Young Beagles have a lot of energy and require a lot of exercise to burn it off. They enjoy going for walks with their families or taking runs through the local park. They'll enjoy running alongside you, but don't start them on a repetitive activity like this until they're 18 months or older to avoid damage to their little body.
When a Beagle reaches adulthood, they may become quite lazy, beginning to prefer a lounge on the couch rather than a jog around the block. Don't let this happen. This breed is prone to obesity. Plus, it's healthy for them to get in at least 30 minutes of exercise each day.
According to the National Beagle Club of America, there are a number of health issues to be aware of with this breed, although diligent breeders are working to improve the situation by being more selective with their breeding programs. Some of these health issues include, but are not limited to:
- Cherry eye: The gland under the dog's third eyelid protrudes and begins to look like a small cherry in the corner of the eye. This condition may require surgery.
- Epilepsy: Often, this condition is genetic and frequently cases mild to moderate seizures.
- Invertebral Disk Disease: This occurs when the inner layer of the intervertebral disc protrudes into the spinal canal and pushes against the spinal cord.
- Progressional Retinal Atrophy (PRA): A degenerative eye condition that eventually leads to blindness.
- Von Willebrand's Disease: A blood-clotting disorder that affects both dogs and humans.
With their short, smooth coats, Beagles do not require any special trimming and can easily be groomed at home. Since they are moderate to high shedders, they should be brushed several times a week, if not daily. Brushing removes the loose, dead hairs and dirt from the dog's coat.
Routine grooming should also include:
Beagles have a median lifespan of 12 to 15 years, which is typical for dogs of their size.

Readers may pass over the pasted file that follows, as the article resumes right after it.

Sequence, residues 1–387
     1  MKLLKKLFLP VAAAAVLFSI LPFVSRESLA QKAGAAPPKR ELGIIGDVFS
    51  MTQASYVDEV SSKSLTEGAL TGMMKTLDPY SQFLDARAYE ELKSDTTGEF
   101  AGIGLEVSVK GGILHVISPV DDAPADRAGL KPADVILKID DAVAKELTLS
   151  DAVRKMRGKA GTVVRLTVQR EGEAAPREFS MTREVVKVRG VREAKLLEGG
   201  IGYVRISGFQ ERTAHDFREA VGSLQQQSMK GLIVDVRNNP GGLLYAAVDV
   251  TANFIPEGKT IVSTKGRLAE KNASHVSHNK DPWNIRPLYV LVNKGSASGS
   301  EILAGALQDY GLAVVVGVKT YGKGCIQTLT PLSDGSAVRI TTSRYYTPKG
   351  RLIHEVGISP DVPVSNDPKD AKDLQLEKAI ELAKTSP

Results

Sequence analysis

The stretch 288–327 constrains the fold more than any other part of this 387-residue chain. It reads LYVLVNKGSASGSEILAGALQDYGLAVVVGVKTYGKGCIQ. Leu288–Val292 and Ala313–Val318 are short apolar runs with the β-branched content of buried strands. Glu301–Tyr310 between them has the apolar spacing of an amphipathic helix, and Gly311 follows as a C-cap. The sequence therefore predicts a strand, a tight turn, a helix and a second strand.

Buying or Adopting a Beagle
If you're looking to purchase a Beagle puppy, you can start by looking through the breeder directory on the AKC Marketplace. The National Beagle Club of America is also a good place to search for reputable breeders near you. You can expect to pay between $500 to $850 for a Beagle pup.
The rescue groups listed below operate out of private foster homes. They do not have public kennels. Most have detailed application processes.
- Triangle Beagle Rescue rescues North Carolina and neighboring states.
- BREW rescues in the Washington D.C./Baltimore area (northern Virginia) and also have an affiliate that serves the Midwest region.
- Tampa Bay Beagle Rescue requires an in-person visit prior the dog being adopted and is located in the Tampa Bay, Florida area.
If you would prefer a rescued dog from another rescue, you can also contact these breed-specific Beagle rescue organizations:
- NorCal Beagle Rescue serves the Northern California region and has Beagles of all ages.
- The Beagle Freedom Project has committed themselves to finding homes for beagles who have been mistreated in animal research institutions. Keep in mind, these Beagles may have never had a home and will be more difficult to acclimate than others.
Beagles often end up in rescues because they have been found wandering the streets or when hunters discover the dog isn't the best hunting breed. These dogs make excellent family dogs and usually easily transition into pets.
Is This the Breed for You?
Beagle make fabulous pets when they are matched with the right family. If you're considering adding one of these dogs to your family, be sure to visit several breeders so you can spend time getting to know the breed better and hopefully meet the puppy or adult dog you want to bring home.